June 07, 2011, 7:00 AM — The problem with employment statistics is that they never seem to refer to the job you, individually, are looking for (or trying not to lose).
Estimates from the Bureau of Labor Statistics on how many jobs have been created during a given month and what the unemployment rate is are basically useless as a way to gauge your own job prospects.
Estimates from Janco, Yoh, Robert Half Technology, Challenger, Gray & Christmas and other employment (or un-employment in the case of Challenger, Gray & Christmas, which does a lot of outplacement) narrow things down to IT jobs in particular, and often to particular specialties.
It's too much to ask that they hit all the potential variables.
Dice.com, because it runs job ads, and can search them based on skill, industry and location, is able to narrow things down by making queries more specific.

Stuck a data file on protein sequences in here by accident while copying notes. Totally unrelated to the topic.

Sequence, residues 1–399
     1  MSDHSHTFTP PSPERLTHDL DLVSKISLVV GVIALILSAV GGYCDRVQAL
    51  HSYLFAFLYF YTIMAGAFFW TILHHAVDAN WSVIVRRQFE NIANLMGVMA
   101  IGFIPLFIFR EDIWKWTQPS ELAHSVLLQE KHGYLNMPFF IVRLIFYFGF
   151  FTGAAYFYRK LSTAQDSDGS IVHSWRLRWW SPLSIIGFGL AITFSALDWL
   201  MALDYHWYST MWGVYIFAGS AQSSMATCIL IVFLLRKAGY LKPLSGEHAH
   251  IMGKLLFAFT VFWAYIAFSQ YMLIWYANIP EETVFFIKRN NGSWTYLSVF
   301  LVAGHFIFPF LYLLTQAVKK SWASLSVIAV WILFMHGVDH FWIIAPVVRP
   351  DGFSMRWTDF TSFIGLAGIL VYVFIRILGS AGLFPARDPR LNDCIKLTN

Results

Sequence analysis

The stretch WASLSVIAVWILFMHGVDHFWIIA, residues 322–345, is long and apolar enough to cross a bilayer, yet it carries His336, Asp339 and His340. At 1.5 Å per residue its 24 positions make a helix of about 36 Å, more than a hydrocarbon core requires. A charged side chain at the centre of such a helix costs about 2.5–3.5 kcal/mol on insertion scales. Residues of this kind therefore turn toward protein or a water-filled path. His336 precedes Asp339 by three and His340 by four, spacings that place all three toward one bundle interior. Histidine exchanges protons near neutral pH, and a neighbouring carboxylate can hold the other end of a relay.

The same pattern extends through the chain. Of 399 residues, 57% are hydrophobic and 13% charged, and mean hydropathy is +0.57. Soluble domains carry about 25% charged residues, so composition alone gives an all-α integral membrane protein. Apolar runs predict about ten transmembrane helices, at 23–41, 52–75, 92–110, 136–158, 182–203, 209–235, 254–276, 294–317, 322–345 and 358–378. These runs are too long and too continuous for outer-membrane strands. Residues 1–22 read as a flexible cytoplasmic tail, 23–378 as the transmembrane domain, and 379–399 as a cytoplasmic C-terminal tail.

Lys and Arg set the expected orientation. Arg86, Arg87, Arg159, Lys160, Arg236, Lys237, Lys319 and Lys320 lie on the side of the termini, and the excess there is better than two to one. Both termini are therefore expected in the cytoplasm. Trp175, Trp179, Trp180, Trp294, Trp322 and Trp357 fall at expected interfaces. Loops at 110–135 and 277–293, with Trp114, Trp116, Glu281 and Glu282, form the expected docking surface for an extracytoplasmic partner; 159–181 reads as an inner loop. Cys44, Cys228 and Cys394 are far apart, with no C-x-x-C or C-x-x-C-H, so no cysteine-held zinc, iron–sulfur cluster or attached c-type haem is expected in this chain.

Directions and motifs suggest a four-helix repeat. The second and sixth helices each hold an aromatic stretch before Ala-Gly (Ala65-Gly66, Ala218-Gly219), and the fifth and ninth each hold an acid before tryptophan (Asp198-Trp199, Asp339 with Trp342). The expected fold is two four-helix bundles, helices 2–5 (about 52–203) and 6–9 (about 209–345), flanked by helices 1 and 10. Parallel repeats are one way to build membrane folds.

Not that job ads are always accurate; there's always some play between what a company says in the ad and what it says when you apply for or start in a job.
Still, it's a concrete way to measure changes in the market for actual jobs companies are willing to pay Dice.com to have posted.
"It's interesting; you can trace trends in technology, like seeing demand for mobile apps go up, more emphasis on handhelds, cloud, virtualization," according to Alice Hill, managing director at Dice.com.
"Salaries have been flat for the last few years but we're starting to see them go up slightly. There's not a big jump in salaries, but a lot of companies are getting the green light to hire that were frozen before, so we're starting to see an actual increase in jobs," she said.
The overall increase in jobs advertised is 19% compared to last year, and 60% compared to two years ago. Those numbers vary so much within specific industries, locations and job skills that number is misleading.
Those five are growing the fastest, but those in greatest demand right now are less sexy.
One quarter of the jobs posted on Dice.com call for Oracle skills; 21% ask for J2EE or Java; 16% for C, C++ or C#; 14% ask for project management.